• All five authors whose books are included on the list are, in fact, Mormons. There is many ways to interpret that observation, and I'm not sure entirely how to account for it. It brings to mind, of course, ongoing debates among historians of Mormonism (and of course, scholars of religion more generally) about the perils and promises of being an outwardly religious individual and studying religion--debates that are, at long last, finally coming into conversation with one another. But it also raises important questions about the recent boon in Mormon studies more generally. With endowed chairs at several secular universities and an ever-increasing (in terms of quality and quantity) outpouring of scholarship on the subject, Brown's list made me reflect on whether or not there are enough scholars outside the Mormon tradition studying the Latter-day Saint past to help Mormon studies become something more than a perpetual conversation among believers. The answer, I think (hope?), is that there are--our own John Turner's forthcoming biography of Brigham Young will very likely be given serious consideration on any such future lists, Laurie Maffly-Kipp has authored an introduction to another edition of the Book of Mormon, and several young scholars and graduate students outside the Mormon tradition are currently conducting fascinating research on many aspects of Mormonism's past.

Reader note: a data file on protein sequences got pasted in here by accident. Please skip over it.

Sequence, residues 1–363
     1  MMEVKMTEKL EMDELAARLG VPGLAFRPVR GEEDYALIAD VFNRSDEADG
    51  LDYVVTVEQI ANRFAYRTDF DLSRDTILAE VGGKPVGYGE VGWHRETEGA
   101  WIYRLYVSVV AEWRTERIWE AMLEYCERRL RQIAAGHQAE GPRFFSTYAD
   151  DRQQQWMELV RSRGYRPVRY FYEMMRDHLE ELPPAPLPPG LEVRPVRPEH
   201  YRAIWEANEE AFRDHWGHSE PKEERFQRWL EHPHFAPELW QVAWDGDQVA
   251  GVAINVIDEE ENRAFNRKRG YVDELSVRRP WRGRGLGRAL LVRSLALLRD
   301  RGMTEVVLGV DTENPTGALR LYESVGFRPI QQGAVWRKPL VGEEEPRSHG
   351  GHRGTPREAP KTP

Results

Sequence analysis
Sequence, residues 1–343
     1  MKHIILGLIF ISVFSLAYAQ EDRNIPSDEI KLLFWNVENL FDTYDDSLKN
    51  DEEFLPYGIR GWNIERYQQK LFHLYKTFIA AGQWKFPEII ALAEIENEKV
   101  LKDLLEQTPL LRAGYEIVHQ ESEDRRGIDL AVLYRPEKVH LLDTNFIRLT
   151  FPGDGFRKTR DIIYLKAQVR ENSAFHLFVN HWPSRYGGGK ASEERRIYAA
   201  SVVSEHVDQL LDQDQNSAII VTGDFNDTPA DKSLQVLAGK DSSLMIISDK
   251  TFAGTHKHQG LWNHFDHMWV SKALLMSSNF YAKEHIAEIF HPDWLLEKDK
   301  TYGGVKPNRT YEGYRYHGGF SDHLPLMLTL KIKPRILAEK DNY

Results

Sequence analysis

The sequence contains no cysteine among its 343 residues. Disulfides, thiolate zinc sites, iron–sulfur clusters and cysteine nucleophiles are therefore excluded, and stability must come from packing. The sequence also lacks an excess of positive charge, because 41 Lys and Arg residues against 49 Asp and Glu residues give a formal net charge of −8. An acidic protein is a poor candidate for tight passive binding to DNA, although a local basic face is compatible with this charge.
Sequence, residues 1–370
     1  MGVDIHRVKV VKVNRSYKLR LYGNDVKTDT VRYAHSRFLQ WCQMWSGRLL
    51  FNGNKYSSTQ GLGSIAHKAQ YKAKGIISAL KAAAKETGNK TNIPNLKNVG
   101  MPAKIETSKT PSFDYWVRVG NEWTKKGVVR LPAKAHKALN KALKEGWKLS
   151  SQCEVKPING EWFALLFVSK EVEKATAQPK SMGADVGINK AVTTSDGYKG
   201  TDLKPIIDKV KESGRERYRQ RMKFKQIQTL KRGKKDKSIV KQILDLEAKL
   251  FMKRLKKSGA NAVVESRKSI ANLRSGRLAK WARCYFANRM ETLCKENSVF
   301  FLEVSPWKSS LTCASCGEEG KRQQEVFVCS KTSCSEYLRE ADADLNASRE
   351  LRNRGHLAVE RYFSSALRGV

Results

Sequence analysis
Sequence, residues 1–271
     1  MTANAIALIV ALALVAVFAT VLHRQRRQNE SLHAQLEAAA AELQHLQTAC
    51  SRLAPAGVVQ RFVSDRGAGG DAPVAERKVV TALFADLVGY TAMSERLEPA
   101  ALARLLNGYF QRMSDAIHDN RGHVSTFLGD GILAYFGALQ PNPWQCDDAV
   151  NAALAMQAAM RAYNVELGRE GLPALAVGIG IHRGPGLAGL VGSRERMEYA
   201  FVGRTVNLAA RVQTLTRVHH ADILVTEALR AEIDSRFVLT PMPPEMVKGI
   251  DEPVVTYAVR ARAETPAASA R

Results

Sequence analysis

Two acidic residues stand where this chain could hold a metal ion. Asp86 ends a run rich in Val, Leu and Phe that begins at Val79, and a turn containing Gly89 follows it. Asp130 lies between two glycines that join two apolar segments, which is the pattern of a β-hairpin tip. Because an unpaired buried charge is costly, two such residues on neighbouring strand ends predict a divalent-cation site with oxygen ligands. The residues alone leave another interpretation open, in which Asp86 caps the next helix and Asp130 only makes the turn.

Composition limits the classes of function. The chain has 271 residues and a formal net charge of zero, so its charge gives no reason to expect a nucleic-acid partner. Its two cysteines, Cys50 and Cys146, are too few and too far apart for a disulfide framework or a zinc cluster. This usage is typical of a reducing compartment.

*Kathleen Flake's The Politics of American Religious Identity is the notable exception, but the event it focuses on speaks so directly to the ongoing concerns over Mitt Romney's Mormonism today that it would be hard to not include given the list's parameters.


AdamjPowell said…
Christopher, I appreciate your thoughts on the WSJ list. I think your observations are astute concerning both the need for more emphasis on the 20th century and the potential benefits of having more non-Mormon scholars within the field. I, myself, am a non-Mormon whose current doctoral research (Durham University) is in Mormon Studies. I wonder if the emphasis on the 19th century is largely due to the sociologically fascinating effects of the Second Great Awakening. For those of us who are taking a sociological approach instead of a historical one, this is certainly part of the appeal.
Christopher said…
Thanks for the comment, Adam. I'm thrilled to hear of more grad students studying Mormonism!